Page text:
- Because EV’s don’t rely on the piston engine to warm up before providing heating the whole process is much faster.
- need to leave a dog in the car on a hot day? If you do then “dog mode” in the Model 3 can keep the car cool while you are gone and notify passers by that the dog is safe and the current temperature in the car
- if you have passengers sitting in the car you can use dog or campfire mode too that will let them listen to music or watch netflix and youtube while you’re out and most importantly stops them triggering the ear splitting car alarm when the car has locked itself.
☃️❄️Snow..an achilles heel? Update
Since writing my review some snow arrived in London at the end of January 2020. The following only applies if you live in a place like me in southern England where snow is so infrequent that you would never think of getting winter tyres. The snowfall gave me a chance to test out the grip on my dual motor with summer tyres. This car has an unusual spec so your Model 3 may have different tyres that perform entirely differently. The Michelin Pilot Sport 4 235/45 ZR18 98Y tyres on this car perform very well in dry and wet and very wet conditions. They are also optimised for speeds up to 186mph (denoted by the letter Y) and for low noise and low rolling resistance.
So how did my snow test drive go? Well on the flat it managed to get around but it was clear grip was very compromised.. even regen at low speed was sufficient to affect grip. I took it to Putney Hill on a snow-covered road uphill. It was just about managing but then I needed to stop in a passing place for an oncoming car. Once stationary it was completely unable to get traction to restart. On a very very light throttle it didn’t move, on a little more it appeared to move its rear but still not forward. The anti slip snow mode was engaged but not chill mode. With hindsight I should have tried all settings however my gut feel is it would have made little difference.
Takeouts? Well driving on snow on summer performance tyres definitely seems to be an achilles heel. I have had cars that are great on snow.. Fiat Uno, Skoda Karoq & Range Rover Evoque and cars like a BMW 3 series that were so bad I would’t take them on a trip if snow was forecast. With a little sadness my Model 3 joins that BMW category on snow performance despite having 4 wheel drive.. at least until it gets some all season tyres. If you need year round performance these are worth considering from new and definitely don’t plan a trip to the alps without the right set of tyres!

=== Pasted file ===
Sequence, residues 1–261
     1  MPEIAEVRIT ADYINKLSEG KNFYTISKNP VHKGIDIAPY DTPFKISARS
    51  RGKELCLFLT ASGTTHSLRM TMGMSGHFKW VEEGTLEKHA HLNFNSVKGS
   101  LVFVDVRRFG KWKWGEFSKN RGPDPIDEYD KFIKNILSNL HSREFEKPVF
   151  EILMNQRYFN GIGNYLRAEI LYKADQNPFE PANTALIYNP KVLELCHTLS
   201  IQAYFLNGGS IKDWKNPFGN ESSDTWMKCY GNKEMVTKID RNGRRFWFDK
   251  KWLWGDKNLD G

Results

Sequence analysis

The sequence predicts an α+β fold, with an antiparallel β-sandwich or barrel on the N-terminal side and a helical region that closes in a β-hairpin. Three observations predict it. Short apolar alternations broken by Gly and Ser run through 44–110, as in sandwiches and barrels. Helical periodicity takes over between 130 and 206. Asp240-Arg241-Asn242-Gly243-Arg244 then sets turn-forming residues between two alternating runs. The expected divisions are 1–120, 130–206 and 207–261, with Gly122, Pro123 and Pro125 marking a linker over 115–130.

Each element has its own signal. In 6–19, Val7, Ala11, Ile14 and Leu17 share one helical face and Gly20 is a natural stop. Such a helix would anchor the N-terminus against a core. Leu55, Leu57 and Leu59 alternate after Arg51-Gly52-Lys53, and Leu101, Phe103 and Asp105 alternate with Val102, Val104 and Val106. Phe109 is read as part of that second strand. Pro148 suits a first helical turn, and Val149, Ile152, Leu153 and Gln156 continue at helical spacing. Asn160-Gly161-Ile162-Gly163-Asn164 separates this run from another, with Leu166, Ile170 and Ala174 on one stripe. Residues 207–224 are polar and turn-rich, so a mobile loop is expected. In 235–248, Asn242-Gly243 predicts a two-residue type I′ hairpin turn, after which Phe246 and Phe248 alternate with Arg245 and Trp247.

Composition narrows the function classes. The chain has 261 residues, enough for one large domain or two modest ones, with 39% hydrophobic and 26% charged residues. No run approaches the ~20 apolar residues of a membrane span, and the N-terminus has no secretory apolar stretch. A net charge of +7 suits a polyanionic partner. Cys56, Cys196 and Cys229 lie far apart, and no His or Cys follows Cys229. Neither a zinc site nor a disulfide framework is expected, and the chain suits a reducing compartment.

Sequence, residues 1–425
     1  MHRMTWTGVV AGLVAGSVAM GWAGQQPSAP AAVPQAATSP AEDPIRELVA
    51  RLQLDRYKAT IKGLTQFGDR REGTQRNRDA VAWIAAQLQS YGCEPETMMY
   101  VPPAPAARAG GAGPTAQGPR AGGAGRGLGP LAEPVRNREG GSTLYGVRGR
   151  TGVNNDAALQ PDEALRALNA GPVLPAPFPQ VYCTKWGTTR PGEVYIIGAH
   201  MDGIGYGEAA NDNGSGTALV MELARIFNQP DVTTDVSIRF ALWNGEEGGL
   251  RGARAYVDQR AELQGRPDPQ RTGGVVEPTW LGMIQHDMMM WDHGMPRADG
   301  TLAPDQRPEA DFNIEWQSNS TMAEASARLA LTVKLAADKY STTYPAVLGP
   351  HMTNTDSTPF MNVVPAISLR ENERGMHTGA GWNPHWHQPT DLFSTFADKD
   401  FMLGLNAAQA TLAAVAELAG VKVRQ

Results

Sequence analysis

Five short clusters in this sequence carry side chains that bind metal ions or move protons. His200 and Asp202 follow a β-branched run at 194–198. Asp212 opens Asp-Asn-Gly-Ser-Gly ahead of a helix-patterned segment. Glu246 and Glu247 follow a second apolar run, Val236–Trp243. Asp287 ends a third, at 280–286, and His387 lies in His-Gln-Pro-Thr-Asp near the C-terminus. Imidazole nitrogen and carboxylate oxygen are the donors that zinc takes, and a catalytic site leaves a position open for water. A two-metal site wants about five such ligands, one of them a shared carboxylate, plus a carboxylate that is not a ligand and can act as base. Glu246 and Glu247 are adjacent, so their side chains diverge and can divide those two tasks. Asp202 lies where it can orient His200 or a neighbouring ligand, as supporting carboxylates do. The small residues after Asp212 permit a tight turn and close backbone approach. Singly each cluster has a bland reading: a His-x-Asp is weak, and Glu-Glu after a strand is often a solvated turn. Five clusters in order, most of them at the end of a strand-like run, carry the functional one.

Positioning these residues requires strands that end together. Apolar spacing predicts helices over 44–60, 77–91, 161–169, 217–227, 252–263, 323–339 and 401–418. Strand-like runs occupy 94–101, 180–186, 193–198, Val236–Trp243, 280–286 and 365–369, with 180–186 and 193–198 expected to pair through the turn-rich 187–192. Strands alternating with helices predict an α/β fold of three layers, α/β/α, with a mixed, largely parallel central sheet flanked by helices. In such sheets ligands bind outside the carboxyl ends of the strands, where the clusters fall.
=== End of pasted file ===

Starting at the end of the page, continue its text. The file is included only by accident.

Although it’s currently the smallest Tesla the Model 3 is very roomy and practical (although a saloon not a hatch). It has a large boot, another boot underneath it and a frunk under the bonnet. The frunk is a little bigger in the cars before the Nov 2020 update.
Same suitcases in the Tesla Model 3, original Range Rover Evoque & Skoda Karoq
Of my last 3 cars the original Range Rover Evoque 5 door has the least space- max 2 suitcases side by side with room for smaller bags, the Skoda Karoq could manage the same 4 cases flat or upright and a little room for extra bags and the Model 3 manages for the same 4 suitcases and lots of room for extra bags.
All the options you need are included apart from full self driving & optional colours inside and out.
Connectivity features like hands free calls and texts are all included and the sound system is very good on this dual motor model. Latest cars also include a 2 phone wireless charging pad.
The entertainment is fantastic with with a decent web browser, Netflix and Youtube and Spotify all included as is a years data allowance on dual motor versions. It’s hard to imagine any piston car matching this.
You can also do karaoke, play video games or even put on a background of a fire and romantic music!
FSD (full self driving) Does it work and is it worth it?
The Model 3 comes with “autopilot” as standard and has the expensive full self driving (FSD) package as an option. All Model 3’s in UK have the hardware installed either way so you should be able to add the FSD package if you want to later via an over the air software update but… as the capabilities improve the price is rising sharply and will continue to do so. If you buy it at an earlier lower price you will get free future upgrades as they are available. To put this in context when I bought my Model 3 in Sept 2019 FSD was probably not worth the £3,000 or so that I paid (having ordered in May 2019). At the time of writing at the end of 2020 FSD now costs £6,800 but is arguably better value than it was because it really is starting to be useful. If you don’t by FSD there are plans by Tesla to offer it by monthly subscription as it develops.